MATCH MORE THAN A
SACHIN’S FIVE-FOOT-FIVE FRAME WAS THE FIERCEST SIGHT FOR THE FASTEST BOWLERS
Picture this: A genuine fast bowler streaming in from the top of his run-up. Tall, big-built, face covered in white paint; his hands and legs moving in rhythm as he gains in pace with every stride. It’s a sight that often keeps batsmen awake the night before a Test match, shuddering at the prospect of what they will face the next morning.
Now picture Sachin Tendulkar at the crease. His crouching five-foot-five frame looking even smaller. His bat aligned with the off-stump. His gentle eyes peering from behind the visor. It’s a wonder how this benign vision has turned out to be the most fearsome image for bowlers around the world for more than two decades.
What is it that makes Sachin such a huge problem to tackle? How did bowlers approach a match knowing they would come up against his straight drives, his horizontal bat strokes, and his silken flicks? How hard, really, was it to bowl to him?
Waqar Younis, who had famously struck Sachin on the face with a bouncer in the fourth Test of his debut series at Sialkot, says the oft-recounted incident only tells a fraction of the story. “First, I don’t think the ball hit him as hard as it’s been portrayed. I was bowling at around 145 kmph but it went off the glove before it struck him. He went down, we had a chat, shook hands, and he was up in a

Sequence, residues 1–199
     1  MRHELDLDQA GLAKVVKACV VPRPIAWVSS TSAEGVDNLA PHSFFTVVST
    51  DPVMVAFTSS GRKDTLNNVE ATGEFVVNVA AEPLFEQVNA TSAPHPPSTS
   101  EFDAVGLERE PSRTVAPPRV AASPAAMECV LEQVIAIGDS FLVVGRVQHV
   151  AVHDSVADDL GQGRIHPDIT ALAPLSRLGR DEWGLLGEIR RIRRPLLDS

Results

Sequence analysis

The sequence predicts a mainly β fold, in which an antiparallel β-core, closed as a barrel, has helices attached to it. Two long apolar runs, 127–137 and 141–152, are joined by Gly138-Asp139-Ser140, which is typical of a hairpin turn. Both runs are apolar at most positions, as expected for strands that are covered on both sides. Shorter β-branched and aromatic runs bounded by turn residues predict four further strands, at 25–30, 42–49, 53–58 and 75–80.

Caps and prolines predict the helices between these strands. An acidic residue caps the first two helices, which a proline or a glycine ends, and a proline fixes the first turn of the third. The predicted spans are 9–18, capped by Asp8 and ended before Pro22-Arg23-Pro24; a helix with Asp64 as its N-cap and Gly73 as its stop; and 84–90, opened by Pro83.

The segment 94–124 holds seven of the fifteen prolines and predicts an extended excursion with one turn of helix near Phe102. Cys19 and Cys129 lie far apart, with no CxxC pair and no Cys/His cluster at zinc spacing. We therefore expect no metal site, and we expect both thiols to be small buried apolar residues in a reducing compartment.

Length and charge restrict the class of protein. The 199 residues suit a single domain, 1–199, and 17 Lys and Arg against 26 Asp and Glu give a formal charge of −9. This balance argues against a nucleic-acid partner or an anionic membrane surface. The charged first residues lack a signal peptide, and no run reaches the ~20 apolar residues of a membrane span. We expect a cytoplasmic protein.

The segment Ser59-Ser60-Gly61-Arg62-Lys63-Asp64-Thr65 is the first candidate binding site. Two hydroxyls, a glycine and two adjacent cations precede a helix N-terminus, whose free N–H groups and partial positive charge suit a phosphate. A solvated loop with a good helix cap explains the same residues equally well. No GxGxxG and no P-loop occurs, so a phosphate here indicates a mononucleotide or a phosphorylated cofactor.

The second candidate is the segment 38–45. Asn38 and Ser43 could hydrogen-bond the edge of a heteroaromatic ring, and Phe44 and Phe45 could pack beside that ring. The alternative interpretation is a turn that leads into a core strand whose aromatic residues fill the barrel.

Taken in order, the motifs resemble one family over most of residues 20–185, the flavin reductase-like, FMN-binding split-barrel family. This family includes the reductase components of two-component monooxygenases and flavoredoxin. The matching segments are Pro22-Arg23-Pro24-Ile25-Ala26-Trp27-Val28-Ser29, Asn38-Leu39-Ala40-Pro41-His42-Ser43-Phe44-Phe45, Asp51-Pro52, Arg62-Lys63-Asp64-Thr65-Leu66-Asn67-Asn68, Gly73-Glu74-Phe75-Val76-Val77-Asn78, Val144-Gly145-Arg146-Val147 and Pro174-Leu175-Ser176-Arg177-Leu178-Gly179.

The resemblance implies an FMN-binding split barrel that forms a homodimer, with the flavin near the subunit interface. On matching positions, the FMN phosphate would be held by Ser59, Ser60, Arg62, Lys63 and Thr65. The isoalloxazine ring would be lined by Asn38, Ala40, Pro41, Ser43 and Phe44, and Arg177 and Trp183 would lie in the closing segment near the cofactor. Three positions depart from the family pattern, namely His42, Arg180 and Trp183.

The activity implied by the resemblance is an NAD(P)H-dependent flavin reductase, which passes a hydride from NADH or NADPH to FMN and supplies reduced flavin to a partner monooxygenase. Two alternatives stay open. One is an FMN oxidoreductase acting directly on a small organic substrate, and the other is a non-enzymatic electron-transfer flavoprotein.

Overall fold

minute, ready to play the next delivery,” the former Pakistan captain told INDIA TODAY.
The episode, Waqar says, turned out to be an aberration. The 16-year-old boy they had first heard about from Ajay Jadeja during India’s under-19 trip of Pakistan just before the 1989 tour, didn’t allow himself to be dominated ever again. “I remember we didn’t think too much when we had our first team meeting. There were other important guys to worry about: Krishnamachari Srikkanth, Mohammad Azharuddin, Kapil Dev and Manoj Prabhakar. By the end of the trip, his image within our team had changed entirely.”
Over the next few years, as India and Pakistan started playing one-day cricket on a regular basis, all talk in the Pakistani dressing room would be about how to counter Sachin. “We’d realised that if we didn’t get him out in his first few overs at the crease, he could do a great deal of damage.”
Waqar says that Sachin had no particular chink in his armour to begin with, and his technique got only better with time. “As a fast bowler, you set a batsman up, bowl different deliveries in a pattern, and then induce him into a false shot. Sachin was much better than any other batsman I’ve bowled to at reading that pattern. But I always felt that more than any other delivery, he was slightly vulnerable to the ball coming into him at good pace early on in his innings.”